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The Executive Briefing - Tuesday, June 27th, 2023

Malaria in TX and FL 🦟

Health News:

  • The latest EU.1.1 variant is rising quickly in the western US. (CBS)
  • Some of the most cautious Americans are starting to relax their COVID precautions. (Washington Post)
  • Cyclospora cases in the most recent (likely non-broccoli-related) outbreak have risen from 28 to 34. (FDA)
  • Declassified US intelligence isn’t likely to answer the debate about COVID’s origins. (Washington Post)
  • Severe period pain is often dismissed in teens, though many have endometriosis. (Washington Post)
  • The heat in Texas has proven deadly, and it’s only getting worse. (CNN)
  • Sperm counts decline even after mild COVID. (CIDRAP)
  • The DEA relaxed online prescribing rules during the pandemic but wants to reign them in now. (KFF Health)
  • Rural areas in the US are facing closing hospitals and a lack of ambulances. (USA Today)
  • Obesity drug Wegovy’s popularity has employers rethinking insurance coverage. (Reuters)

Mental Health News: 

  • Most parents support screening their kids for mental health, a new study shows. (MedPage Today)
  • Culturally relevant training in mental health care is crucial. (WFAE)
  • Employers give themselves poor marks in terms of providing mental health benefits to employees, according to a new survey. (Fierce Healthcare)

Best Questions: 

Should we be worried about malaria in the US?

It’s big news that there have been several locally-acquired cases of malaria in Texas and Florida, which isn’t common in the US. In the past, nearly all malaria cases have been imported by people traveling from countries where it’s endemic, so two cases in two different states from local mosquitos is worrisome. For employers whose workers are outside, consider offering mosquito protection like repellent, long sleeves, and pants, or screens for indoor-outdoor spaces, especially in areas with lots of mosquitos. Malaria symptoms are flu-like and require medical treatment. 

Source: CBS

An employee has a tick bite. Can they work? 

Yes, an employee can work if they have a tick bite or were just bitten, though they should monitor themselves for symptoms. Right now, there aren’t many viruses or diseases caused by ticks that also spread from human to human, except in rare cases with blood transfusions. While the employee can continue to work, they should monitor for rash, fever, or other symptoms in the weeks after their tick bite and seek medical attention if needed.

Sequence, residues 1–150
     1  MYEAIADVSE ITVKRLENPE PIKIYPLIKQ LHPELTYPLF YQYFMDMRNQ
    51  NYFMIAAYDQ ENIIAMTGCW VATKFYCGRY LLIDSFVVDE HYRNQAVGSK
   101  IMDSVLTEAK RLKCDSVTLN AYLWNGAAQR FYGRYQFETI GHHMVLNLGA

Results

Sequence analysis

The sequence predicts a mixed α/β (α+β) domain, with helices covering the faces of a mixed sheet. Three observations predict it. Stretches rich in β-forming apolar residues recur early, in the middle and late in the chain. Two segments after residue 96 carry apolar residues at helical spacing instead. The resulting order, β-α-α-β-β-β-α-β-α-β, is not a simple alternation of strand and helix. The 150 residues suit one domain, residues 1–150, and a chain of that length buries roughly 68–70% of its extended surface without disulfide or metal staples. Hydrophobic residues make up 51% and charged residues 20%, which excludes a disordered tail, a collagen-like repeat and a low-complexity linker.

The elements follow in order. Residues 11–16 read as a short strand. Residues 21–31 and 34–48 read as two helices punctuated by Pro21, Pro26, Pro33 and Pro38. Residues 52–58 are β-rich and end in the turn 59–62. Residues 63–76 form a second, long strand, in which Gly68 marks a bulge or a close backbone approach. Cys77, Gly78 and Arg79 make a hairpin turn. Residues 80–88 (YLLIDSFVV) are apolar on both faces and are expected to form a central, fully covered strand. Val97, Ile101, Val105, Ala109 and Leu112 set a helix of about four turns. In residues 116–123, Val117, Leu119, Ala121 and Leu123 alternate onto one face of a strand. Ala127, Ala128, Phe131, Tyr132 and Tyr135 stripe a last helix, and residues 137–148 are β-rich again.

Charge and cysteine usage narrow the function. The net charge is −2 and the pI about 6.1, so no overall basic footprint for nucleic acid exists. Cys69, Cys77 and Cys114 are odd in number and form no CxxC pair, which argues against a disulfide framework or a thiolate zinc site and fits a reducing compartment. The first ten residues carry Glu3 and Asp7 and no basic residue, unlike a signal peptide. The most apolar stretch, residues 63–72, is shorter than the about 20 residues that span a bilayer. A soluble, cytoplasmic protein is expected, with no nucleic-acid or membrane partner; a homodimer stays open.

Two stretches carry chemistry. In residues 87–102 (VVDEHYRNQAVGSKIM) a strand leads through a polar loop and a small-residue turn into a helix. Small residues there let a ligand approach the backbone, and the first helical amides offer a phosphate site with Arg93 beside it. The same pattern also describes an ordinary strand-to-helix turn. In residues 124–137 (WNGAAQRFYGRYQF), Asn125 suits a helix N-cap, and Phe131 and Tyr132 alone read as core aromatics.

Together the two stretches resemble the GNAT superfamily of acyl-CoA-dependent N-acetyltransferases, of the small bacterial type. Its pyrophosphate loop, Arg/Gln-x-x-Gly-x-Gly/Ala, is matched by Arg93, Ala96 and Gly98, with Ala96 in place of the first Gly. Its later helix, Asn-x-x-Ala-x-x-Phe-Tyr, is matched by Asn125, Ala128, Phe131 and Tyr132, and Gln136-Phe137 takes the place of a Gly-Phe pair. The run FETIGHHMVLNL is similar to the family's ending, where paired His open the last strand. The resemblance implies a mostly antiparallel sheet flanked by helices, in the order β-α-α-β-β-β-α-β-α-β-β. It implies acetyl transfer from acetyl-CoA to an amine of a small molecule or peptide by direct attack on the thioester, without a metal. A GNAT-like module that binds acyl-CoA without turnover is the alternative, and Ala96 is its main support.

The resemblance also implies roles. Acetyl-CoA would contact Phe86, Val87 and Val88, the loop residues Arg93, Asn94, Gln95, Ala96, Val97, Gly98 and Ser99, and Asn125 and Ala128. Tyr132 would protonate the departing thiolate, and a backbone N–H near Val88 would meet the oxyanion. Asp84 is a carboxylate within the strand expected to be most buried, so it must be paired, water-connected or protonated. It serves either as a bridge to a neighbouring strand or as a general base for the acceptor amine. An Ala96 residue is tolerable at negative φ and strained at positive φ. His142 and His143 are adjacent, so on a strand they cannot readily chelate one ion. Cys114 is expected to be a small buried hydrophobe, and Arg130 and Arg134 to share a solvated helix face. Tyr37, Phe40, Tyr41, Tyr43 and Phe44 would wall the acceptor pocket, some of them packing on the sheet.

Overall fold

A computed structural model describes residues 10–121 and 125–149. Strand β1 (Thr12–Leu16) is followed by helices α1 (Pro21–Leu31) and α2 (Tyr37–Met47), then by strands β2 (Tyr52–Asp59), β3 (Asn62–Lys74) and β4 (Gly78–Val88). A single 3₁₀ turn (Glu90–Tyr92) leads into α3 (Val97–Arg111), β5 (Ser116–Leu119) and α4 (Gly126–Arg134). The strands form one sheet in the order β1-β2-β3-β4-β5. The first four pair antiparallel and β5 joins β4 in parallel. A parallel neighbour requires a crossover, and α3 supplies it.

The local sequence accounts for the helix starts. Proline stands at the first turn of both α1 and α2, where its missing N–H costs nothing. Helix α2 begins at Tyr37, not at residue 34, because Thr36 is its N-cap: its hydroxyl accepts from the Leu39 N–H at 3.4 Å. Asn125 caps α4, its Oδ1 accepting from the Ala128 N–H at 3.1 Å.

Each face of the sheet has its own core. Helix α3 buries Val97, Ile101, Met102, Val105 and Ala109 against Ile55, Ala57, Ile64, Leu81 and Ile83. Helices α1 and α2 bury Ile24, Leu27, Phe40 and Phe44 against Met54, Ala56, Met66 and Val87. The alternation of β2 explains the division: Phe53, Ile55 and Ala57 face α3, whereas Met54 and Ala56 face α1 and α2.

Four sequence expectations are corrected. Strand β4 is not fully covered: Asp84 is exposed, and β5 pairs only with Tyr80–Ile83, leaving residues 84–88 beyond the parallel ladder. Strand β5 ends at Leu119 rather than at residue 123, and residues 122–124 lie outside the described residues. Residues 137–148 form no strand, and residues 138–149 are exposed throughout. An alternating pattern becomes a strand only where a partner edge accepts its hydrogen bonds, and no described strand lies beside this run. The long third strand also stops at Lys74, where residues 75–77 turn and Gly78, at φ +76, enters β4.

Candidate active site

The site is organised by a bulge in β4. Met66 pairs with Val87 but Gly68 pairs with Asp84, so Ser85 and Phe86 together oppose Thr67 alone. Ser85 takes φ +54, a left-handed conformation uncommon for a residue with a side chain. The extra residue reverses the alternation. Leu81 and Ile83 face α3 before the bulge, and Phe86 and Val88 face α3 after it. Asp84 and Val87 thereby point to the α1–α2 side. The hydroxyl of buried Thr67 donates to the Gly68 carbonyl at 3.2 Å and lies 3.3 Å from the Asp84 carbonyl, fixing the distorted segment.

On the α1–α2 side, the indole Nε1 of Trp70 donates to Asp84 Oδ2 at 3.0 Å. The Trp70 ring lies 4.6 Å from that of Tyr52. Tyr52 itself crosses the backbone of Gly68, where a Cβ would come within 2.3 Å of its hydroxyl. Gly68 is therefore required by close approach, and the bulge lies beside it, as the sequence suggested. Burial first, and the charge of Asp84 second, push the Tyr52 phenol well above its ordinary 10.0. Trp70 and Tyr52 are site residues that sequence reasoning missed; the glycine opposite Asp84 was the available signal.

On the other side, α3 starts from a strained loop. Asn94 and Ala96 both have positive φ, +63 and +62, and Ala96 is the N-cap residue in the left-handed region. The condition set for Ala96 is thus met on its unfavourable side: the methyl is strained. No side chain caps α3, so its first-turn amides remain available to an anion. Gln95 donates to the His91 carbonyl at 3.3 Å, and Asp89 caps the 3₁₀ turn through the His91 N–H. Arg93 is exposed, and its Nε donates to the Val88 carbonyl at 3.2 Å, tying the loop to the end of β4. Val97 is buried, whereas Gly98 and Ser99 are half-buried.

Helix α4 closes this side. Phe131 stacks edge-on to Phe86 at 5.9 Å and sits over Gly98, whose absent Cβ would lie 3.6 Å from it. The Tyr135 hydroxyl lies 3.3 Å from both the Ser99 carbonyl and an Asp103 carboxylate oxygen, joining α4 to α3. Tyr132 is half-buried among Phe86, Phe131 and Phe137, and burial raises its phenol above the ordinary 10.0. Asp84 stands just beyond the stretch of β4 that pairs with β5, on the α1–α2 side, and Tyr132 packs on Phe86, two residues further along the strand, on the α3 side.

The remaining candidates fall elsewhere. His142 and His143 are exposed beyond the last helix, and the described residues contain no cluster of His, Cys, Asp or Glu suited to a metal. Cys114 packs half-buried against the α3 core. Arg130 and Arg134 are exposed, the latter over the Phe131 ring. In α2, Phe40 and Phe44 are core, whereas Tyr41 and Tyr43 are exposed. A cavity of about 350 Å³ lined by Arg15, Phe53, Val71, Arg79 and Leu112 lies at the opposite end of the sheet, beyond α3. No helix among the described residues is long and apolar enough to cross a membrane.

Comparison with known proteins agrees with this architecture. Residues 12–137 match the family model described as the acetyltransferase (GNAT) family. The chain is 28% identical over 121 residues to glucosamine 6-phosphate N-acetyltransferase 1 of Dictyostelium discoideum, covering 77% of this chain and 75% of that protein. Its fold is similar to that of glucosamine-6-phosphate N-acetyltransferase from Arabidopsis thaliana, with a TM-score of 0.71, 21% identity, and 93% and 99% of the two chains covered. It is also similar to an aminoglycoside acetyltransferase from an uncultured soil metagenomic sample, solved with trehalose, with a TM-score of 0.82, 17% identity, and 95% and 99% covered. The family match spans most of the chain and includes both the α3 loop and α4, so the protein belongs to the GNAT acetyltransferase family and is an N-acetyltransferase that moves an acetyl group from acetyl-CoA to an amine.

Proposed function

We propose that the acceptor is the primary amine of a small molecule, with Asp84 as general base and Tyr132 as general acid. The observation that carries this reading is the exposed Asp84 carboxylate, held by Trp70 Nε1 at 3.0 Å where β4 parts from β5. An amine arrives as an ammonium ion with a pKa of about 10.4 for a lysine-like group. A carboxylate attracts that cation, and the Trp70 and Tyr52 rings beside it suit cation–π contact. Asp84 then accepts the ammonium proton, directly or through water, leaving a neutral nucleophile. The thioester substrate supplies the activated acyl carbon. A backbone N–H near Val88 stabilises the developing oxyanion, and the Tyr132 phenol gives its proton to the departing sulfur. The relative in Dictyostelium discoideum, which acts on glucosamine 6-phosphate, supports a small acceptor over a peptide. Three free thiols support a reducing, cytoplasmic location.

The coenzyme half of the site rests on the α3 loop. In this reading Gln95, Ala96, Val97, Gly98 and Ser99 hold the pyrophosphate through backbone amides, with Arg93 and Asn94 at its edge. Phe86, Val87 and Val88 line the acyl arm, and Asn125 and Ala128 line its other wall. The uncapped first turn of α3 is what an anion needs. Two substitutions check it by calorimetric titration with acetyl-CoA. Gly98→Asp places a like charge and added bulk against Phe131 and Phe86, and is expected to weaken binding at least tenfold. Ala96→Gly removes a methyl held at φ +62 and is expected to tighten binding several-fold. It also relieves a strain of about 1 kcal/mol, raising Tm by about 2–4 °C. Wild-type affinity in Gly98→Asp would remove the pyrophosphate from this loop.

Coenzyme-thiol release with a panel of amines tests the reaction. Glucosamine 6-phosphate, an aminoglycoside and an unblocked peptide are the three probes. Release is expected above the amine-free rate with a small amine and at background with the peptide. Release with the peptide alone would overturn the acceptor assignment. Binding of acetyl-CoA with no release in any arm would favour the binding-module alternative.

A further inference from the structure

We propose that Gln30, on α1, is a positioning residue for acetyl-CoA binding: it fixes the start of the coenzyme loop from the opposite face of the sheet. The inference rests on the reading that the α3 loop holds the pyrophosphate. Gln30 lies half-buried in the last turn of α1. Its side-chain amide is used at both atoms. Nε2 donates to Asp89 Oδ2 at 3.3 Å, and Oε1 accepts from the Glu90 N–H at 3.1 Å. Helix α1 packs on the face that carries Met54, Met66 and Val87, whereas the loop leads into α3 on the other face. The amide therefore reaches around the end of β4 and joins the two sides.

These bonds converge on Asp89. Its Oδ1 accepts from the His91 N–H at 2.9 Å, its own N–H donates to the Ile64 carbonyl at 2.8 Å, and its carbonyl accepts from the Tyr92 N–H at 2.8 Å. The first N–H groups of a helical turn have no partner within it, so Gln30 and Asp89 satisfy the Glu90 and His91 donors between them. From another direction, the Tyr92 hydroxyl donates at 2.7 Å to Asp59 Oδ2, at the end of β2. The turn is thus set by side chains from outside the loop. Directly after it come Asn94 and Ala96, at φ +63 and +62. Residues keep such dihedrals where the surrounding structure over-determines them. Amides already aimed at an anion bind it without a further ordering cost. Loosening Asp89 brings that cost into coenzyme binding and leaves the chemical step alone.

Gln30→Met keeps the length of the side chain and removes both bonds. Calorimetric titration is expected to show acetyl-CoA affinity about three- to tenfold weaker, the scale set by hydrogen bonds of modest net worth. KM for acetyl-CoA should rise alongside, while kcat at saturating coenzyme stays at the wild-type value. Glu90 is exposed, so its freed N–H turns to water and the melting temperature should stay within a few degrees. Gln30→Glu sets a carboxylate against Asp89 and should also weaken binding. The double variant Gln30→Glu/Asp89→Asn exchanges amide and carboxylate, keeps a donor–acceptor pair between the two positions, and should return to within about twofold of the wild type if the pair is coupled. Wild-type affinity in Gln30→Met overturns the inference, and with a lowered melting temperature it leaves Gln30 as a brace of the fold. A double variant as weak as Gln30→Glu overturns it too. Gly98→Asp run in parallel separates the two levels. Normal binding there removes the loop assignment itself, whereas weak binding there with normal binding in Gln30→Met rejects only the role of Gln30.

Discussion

Source: CDC, Washington Post

What’s the update on the new variant that the CDC is tracking? 

The CDC is regularly tracking new variants and has their eye on a few different ones in the US, including EU.1.1, which has made headlines recently. While it still accounts for under 2% of total cases in the country, it’s rapidly rising in the west, making up 8.7% of cases in Utah, Colorado, Montana, North Dakota, South Dakota, and Wyoming. Utah seems to have a particularly high case rate of EU.1.1, but the good news is that Utah’s case rates and hospitalizations still remain low. We’ll continue to track this and other new variants, though a lack of testing data means there will be lags between what’s happening on the ground and the data we’re seeing in the lab.

Source: CBS

Best Read: 

Is Long COVID Linked to Mental Illness? - Slate

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Disclaimer: This post is meant for general information and educational purposes only and does not constitute, and is not intended as, any form of medical, legal or regulatory advice or a recommendation or suggestion regarding the same.  No recipient of this information should act or refrain from acting on the basis of this information without first seeking legal advice from counsel in the relevant jurisdiction.